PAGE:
It is utterly painful to know just how many women go through the transition of being simply a mother to being a birthmother. It’s painful to know because of the thousands of different feelings that go along with the process. It’s painful because even if you’re not naturally empathetic toward others, a birthmother that can clearly describe her anguish can make you feel it.
I’ve noticed blogs lean one of two ways: angry and bitter or sad and confused/coping. (If anyone comes across something different, please send me a link!!)
Realizing that all the things I’ve read incites either/or of those emotions makes my heart very heavy. Adoption placement is not an easy thing to do. It can be equivocated to other traumatic occurrences that can happen to a woman only in the sense that it can leave a lasting mark on the soul. It absolutely terrifies me to see writings from women who are way further down the line in this transition who are still coping with very heavy emotions. Is any human being supposed to be able to handle decades worth of that? My stomach is lurching and churning at the mere thought of feeling just the way I do another year; the plain hard truth is that I did not consider the possibility of battling emotions of this decision continuously my entire life. Maybe I was being delusional or maybe it was innocent naiveté, but I thought that developing a relationship with the adoptive parents would help. I’m not getting any information that corroborates that. “Help” in regard to this particular subject is like Neosporin on a molten steel burn.
Something that seems to be universal is that none of us came to adoption as a simple “want”. I really wonder if there are mothers who seek adoption placement because they just have the desire to. It is amazing how powerful the hand of society is on this subject…the assumptions, impressions, and strong opinions on the subject…even if a person has never directly participated in the process. Is there any awareness at all that one side of the story is bittersweet at best? That the best excuse to be fathomed is “at least ___”. All the reasons people told me that the choice I was making was great have lost quite a bit of sheen, sparkle, and appeal. Every true benefit lies in the fact that the child is happy and safe and the heartbreaking fact of life is there is no guarantee on happiness or safety. That fact makes it even harder to get over the emotional speed bumps and flat-out road blocks associated with separating from a child. (As I write this, I’m trying to block out the sound of a cooing and garbling infant in the lobby…)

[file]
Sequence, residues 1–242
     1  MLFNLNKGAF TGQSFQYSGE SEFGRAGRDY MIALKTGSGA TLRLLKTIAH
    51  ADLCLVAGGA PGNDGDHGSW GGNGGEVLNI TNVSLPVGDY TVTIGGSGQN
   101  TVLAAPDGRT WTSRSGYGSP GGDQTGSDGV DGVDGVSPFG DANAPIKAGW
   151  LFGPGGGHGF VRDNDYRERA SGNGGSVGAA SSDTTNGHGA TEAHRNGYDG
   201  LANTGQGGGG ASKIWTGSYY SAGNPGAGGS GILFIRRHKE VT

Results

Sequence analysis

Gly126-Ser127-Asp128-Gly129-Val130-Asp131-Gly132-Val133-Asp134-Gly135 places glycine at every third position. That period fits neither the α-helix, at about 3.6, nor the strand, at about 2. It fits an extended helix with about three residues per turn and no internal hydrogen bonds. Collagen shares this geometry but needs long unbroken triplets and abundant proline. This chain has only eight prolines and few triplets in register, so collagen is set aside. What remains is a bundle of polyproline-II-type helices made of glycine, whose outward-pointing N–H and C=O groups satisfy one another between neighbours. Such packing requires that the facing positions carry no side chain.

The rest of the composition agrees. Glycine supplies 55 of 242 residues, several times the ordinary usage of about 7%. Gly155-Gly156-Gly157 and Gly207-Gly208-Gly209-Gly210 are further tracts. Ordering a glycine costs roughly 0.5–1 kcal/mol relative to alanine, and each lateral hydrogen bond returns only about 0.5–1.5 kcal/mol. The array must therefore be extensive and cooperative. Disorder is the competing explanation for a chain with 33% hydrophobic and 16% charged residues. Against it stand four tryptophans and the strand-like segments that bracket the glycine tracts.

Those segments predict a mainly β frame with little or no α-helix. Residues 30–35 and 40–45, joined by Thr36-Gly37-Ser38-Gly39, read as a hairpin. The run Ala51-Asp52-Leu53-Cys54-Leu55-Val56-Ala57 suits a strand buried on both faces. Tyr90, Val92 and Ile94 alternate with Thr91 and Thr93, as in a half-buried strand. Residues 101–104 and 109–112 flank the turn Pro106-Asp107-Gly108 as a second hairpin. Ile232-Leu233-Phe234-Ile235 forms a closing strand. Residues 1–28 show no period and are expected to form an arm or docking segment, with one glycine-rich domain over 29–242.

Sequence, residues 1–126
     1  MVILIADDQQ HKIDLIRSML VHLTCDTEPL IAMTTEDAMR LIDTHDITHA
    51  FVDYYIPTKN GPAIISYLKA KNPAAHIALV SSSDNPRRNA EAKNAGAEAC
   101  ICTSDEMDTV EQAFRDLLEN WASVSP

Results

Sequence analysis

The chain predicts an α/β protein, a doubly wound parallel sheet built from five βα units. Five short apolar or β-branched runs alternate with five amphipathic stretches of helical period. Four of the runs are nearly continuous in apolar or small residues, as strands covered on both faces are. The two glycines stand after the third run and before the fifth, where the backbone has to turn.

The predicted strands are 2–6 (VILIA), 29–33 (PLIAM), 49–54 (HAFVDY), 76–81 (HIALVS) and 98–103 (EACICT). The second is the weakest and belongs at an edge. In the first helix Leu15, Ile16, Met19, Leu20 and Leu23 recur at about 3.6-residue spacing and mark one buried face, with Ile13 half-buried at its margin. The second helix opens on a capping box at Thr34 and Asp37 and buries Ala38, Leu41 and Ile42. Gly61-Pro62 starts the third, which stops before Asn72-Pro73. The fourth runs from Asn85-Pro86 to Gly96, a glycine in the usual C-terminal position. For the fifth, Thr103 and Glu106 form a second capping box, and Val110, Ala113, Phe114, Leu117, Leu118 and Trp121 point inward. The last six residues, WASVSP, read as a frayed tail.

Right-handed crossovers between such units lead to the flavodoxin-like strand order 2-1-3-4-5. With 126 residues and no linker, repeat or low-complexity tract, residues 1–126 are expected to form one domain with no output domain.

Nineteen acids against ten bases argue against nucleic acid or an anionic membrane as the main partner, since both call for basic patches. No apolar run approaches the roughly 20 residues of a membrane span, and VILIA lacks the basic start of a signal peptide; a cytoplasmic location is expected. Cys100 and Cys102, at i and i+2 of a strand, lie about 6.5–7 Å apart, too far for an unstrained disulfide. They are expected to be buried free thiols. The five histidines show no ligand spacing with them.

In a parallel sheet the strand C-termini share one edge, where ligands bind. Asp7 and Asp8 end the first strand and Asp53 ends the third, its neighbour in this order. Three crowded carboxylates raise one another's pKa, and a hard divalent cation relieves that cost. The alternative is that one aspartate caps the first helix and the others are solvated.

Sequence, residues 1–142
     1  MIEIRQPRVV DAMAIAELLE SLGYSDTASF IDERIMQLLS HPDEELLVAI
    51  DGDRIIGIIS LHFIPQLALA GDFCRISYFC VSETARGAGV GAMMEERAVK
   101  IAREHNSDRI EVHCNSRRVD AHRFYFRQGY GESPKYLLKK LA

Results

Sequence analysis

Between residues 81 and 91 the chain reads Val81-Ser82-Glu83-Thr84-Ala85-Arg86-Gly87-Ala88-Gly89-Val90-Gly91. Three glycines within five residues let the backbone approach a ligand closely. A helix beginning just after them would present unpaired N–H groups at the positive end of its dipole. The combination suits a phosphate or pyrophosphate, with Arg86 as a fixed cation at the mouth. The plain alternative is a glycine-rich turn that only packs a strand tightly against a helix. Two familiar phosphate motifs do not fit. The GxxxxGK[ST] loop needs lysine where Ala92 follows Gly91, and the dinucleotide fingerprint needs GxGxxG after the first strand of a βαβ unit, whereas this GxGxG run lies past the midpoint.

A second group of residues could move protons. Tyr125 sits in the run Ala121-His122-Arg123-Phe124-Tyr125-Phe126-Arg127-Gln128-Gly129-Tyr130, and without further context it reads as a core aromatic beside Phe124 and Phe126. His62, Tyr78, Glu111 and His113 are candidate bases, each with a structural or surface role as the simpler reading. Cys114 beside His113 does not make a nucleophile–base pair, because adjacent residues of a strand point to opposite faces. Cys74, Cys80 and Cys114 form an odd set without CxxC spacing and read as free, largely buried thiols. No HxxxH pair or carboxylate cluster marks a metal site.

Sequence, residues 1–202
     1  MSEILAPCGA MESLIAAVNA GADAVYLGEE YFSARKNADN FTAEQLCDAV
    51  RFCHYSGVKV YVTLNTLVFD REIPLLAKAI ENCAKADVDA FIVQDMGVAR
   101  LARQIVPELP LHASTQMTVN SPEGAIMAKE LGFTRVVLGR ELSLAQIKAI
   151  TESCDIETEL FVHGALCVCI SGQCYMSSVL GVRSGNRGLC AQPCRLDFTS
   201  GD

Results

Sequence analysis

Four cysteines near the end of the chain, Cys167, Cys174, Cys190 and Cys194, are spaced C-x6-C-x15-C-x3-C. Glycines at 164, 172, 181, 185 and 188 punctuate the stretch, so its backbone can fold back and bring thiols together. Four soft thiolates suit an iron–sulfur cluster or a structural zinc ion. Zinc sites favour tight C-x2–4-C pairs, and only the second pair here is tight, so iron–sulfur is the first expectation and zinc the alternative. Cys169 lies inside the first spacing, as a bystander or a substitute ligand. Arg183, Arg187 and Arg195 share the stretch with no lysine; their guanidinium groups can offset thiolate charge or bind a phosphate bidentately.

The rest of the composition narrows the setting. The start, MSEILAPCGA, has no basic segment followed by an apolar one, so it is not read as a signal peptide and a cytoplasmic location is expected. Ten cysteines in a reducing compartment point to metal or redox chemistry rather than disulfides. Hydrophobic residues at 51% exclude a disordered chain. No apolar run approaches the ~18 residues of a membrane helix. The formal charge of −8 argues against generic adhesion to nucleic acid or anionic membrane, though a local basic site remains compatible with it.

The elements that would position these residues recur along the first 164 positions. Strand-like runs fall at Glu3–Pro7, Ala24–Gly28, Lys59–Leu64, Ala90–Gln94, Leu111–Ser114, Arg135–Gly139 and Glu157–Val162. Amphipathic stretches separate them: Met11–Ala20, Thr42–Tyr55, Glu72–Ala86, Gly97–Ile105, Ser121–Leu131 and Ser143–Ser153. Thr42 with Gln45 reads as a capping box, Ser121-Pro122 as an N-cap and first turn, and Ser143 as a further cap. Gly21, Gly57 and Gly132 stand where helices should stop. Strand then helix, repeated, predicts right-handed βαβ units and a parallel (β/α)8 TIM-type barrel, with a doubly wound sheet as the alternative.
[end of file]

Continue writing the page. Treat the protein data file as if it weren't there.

I’ve carried all three children I’ve been pregnant with to term, but I’m even more pro-choice now than before. Although my personal choice would always be life, I would never presume to think every woman should be subjected (or forced to figure out the hard way they are unable to adapt) to the certain torment of adoption. Just like everyone is not cut out to parent, not everyone is going to handle the emotional purgatory of relinquishing flesh and blood regardless of open or closed status. I don’t think I’d wish this on my worst enemy. I’d probably hug my worst enemy if I found out she had gone through this at any length. Since I have a daughter, I’ve hoped that our talks and her watching this experience for me has lessened the chances of her ever needing to make a decision like this. I’ve told her about waiting for marriage and I’ve begun having discussions with her to get her ready for making choices in regard to her health and her body as she gets older. While I think that she understands I don’t feel like it’s quite age appropriate to discuss the full consequences of this decision.
The elephant in the room seems to be whether or not people really and truly know the full scope of adoption. Do people have such strong opinions about a subject that they only know the Hallmark movie joy: a birthmother’s decision creates in the life of a waiting couple? While I’m completely aware of the fact that there are tons of negative and positive stories reflecting the experiences of adoptive and birth parents, is there any real scope placed on the long-term effects on people who have gone through this process? Does the society that so negatively portrays the circumstances in which a woman may become pregnant or seek options as a result know what the positive choice (by opinion) requires of a human being?
I seriously doubt it.